Jackson Katz talks about how suburban white boys love violent and misogynistic Gangsta Rap in particular (not all rap music is sexist and violent, but the most popular among white audiences tends to be this kind). Katz suggests that “slumming” in the music of urban, African American men allows white men to feel their privilege as white and as men. They can symbolically exercise and express sexism and a sense of masculine power when other forms of sexism are no longer tolerated. Meanwhile, everybody points to the rapper as the problem; no one questions the white kid with purchasing power.
Might some of the audience of Duck Dynasty be “slumming” with the bigot to feel their difference and superiority while also getting their own bigot on? The popularity of the show clearly has something to do with the characters’ religiosity and rural life, but I’m guessing it also has something to do with the “redneck” spectacle, allowing others to see their own “backwoods” attitudes reinforced (I’m talking about racism, sexism, and homophobia, not Christianity).
He is a representation of a particular masculinity that makes him compelling to some and abhorrent to others, which also makes him the perfect pawn in the culture wars. Meanwhile, we are all distracted from social structure and those who benefit from media representations of the rural, white, southern bigot.
Sociologists Pierrette Hondagneu-Sotelo and Michael Messnersuggest that pointing the finger at the racist and homophobic attitudes of rural, poor whites — or the sexist and homophobic beliefs of brown and black men, like in criticism of rap and hip hop — draws our attention away from structures of inequality that systematically serve the interests of wealthy, white, straight, and urban men who ultimately are the main benefactors. As long as we keep our concerns on the ideological bigotry expressed by one type of loser in the system, no one notices the corporate or government policies and practices that are the real problem.
While all eyes are on the poor, rural, white, Southern bigot, we fail to see the owners of media corporations sitting comfortably in their mansions making decisions about which hilarious down-trodden stereotype to trot out next. Sexist, homophobic, and racist ideology gets a voice, while those who really benefit laugh all the way to the bank.
I can’t offer much in the crowded field of Disney gender criticism. But I do want to update my running series on the company’s animated gender dimorphism. The latest installment is Frozen.
Just when I was wondering what the body dimensions of the supposedly-human characters were, the script conveniently supplied the dimorphism money-shot: hand-in-hand romantic leads, with perfect composition for both eye-size and hand-size comparisons:
With the gloves you can’t compare the hands exactly, but you get the idea. And the eyes? Yes, her eyeball actually has a wider diameter than her wrist:
Giant eyes and tiny hands symbolize femininity in Disneyland.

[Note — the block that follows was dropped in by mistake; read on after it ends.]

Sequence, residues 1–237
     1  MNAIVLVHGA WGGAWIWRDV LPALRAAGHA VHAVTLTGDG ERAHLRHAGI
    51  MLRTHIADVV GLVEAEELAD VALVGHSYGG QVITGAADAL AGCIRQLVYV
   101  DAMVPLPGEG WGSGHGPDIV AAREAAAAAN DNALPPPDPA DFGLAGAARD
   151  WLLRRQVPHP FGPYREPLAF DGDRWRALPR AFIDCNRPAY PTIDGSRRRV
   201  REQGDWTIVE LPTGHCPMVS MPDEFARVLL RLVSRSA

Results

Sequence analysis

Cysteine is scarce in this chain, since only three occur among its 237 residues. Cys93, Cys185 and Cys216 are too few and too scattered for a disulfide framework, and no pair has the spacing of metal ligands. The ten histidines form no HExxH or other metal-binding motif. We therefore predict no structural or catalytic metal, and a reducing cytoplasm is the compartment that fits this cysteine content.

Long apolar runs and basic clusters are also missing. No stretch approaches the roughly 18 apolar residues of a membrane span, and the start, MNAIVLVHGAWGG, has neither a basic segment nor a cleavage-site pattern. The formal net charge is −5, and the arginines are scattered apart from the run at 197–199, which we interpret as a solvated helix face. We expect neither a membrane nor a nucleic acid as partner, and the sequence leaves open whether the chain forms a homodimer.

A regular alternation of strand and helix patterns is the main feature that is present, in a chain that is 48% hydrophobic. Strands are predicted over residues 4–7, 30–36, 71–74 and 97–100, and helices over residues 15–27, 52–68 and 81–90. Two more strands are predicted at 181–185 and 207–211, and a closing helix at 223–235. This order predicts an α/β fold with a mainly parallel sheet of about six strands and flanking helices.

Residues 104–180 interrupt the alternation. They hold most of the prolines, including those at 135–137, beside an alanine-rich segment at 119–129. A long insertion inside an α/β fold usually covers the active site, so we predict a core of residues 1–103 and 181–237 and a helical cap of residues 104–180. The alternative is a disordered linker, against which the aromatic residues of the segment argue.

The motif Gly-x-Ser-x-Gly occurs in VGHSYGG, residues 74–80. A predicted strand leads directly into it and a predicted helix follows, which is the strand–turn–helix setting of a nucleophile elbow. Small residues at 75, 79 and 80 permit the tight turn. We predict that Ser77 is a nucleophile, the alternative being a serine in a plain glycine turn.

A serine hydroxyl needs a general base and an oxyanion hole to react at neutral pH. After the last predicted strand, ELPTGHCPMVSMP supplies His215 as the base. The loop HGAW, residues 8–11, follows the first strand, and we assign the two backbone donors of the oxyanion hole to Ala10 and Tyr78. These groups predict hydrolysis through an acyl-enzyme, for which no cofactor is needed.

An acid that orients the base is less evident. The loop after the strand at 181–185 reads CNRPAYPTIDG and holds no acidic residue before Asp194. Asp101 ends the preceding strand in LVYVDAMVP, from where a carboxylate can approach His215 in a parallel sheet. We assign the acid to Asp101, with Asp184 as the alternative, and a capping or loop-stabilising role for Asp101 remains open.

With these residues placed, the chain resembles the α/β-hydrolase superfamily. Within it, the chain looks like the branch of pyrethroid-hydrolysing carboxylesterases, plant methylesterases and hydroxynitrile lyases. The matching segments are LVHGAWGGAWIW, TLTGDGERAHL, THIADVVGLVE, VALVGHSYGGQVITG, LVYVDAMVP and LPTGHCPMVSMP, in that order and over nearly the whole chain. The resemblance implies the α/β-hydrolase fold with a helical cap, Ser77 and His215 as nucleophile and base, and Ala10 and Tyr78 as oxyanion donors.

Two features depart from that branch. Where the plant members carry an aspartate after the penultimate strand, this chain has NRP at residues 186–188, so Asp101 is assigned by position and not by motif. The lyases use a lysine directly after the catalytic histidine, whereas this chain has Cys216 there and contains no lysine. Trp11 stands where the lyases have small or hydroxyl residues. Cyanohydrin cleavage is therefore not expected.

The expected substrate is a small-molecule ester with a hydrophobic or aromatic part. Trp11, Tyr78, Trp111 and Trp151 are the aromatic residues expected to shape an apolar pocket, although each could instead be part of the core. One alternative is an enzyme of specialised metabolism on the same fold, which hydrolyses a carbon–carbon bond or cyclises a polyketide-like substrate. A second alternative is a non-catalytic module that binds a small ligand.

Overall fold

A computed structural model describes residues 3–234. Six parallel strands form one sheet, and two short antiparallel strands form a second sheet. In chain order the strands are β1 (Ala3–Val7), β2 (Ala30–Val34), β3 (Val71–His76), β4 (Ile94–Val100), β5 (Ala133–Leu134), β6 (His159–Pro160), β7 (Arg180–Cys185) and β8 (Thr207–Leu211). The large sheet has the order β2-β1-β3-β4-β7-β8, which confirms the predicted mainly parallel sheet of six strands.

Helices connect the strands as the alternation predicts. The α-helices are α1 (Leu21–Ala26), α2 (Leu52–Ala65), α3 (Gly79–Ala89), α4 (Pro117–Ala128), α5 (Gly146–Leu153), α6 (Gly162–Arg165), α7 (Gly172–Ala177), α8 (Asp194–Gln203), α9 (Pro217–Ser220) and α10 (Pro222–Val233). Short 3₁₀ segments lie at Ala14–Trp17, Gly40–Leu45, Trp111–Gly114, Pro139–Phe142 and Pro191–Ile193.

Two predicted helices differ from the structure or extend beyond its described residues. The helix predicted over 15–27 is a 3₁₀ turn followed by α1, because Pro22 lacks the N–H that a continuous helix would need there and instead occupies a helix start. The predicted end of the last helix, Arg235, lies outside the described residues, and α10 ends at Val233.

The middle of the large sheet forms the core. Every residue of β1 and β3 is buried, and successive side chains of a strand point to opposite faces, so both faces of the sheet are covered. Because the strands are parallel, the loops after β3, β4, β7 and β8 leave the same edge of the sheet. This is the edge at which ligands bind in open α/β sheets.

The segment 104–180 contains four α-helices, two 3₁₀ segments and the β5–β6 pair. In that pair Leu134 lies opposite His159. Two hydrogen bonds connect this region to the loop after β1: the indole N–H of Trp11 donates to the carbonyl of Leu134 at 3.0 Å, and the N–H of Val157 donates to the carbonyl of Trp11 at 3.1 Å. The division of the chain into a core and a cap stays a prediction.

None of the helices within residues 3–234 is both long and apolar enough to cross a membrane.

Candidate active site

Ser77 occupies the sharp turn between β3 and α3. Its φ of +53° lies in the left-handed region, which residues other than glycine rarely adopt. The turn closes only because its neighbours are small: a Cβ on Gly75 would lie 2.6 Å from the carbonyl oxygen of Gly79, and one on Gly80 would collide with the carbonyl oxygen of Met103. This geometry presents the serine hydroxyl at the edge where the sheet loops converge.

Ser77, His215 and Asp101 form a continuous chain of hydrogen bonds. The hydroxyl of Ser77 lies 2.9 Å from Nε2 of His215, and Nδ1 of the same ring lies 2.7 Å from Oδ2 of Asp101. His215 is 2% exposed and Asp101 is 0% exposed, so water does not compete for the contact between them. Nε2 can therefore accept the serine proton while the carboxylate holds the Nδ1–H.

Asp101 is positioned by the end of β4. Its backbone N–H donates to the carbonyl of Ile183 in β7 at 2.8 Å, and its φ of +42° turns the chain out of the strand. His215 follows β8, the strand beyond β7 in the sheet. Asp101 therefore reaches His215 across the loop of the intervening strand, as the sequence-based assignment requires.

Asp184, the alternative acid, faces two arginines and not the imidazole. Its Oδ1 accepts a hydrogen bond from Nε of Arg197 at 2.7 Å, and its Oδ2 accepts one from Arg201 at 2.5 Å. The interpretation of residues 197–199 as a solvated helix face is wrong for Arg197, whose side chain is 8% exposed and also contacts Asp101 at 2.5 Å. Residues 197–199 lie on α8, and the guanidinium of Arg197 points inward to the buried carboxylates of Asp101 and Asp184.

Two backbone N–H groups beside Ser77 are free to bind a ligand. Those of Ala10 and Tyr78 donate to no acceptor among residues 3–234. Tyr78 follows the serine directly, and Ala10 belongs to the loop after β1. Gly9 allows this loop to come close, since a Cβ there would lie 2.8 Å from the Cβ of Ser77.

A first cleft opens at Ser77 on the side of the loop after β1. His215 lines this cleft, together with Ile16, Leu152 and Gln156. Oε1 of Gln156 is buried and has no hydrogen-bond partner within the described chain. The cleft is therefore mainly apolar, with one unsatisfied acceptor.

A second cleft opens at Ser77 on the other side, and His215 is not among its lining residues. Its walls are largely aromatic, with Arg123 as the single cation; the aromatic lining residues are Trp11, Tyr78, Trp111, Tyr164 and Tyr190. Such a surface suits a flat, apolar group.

While I’m at at, I may as well include Brave in the series. Unless I have repressed it, there is no romance story for the female lead in that movie, but there are some nice comparison shots of her parents:
Go ahead, give me some explanation about the different gene pools of the rival clans from which Merida’s parents came.
Since I first complained about this regarding Tangled, I have updated the story to include Gnomeo and Juliet. You can check those posts for more links to research (and see also this essay on human versus animal dimorphism by Lisa Wade). To just refresh the image file, though, here are the key images. From Tangled:
At this point I think the evidence suggests that Disney favors compositions in which women’s hands are tiny compared to men’s, especially when they are in romantic relationships.
REAL WRIST-SIZE ADDENDUM
How do real men’s and women’s wrist sizes differ? I looked at 7 studies on topics ranging from carpal tunnel syndrome to judo mastery, and found a range of averages for women of 15.4 cm to 16.3 cm, and for men of 17.5 to 18.1 cm (in both cases the judo team had the thickest wrists).
‘Then I found this awesome anthropometric survey of U.S. Army personnel from 1988. In that sample (almost 4,000, chosen to match the age, gender, and race/ethnic composition of the Army), the averages were 15.1 for women and 17.4 for men. Based on the detailed percentiles listed, I made this chart of the distributions:
The average difference between men’s and women’s wrists in this Army sample is 2.3 cm, or a ratio of 1.15-to-1. However, if you took the smallest-wristed woman (12.9 cm) and the largest-wristed man (20.4), you could get a difference of 7.5 cm, or a ratio of 1.6-to-1. Without being able to hack into the Disney animation servers with a tape measure I can’t compare them directly, but from the pictures it looks like these couples have differences greater than the most extreme differences found in the U.S. Army.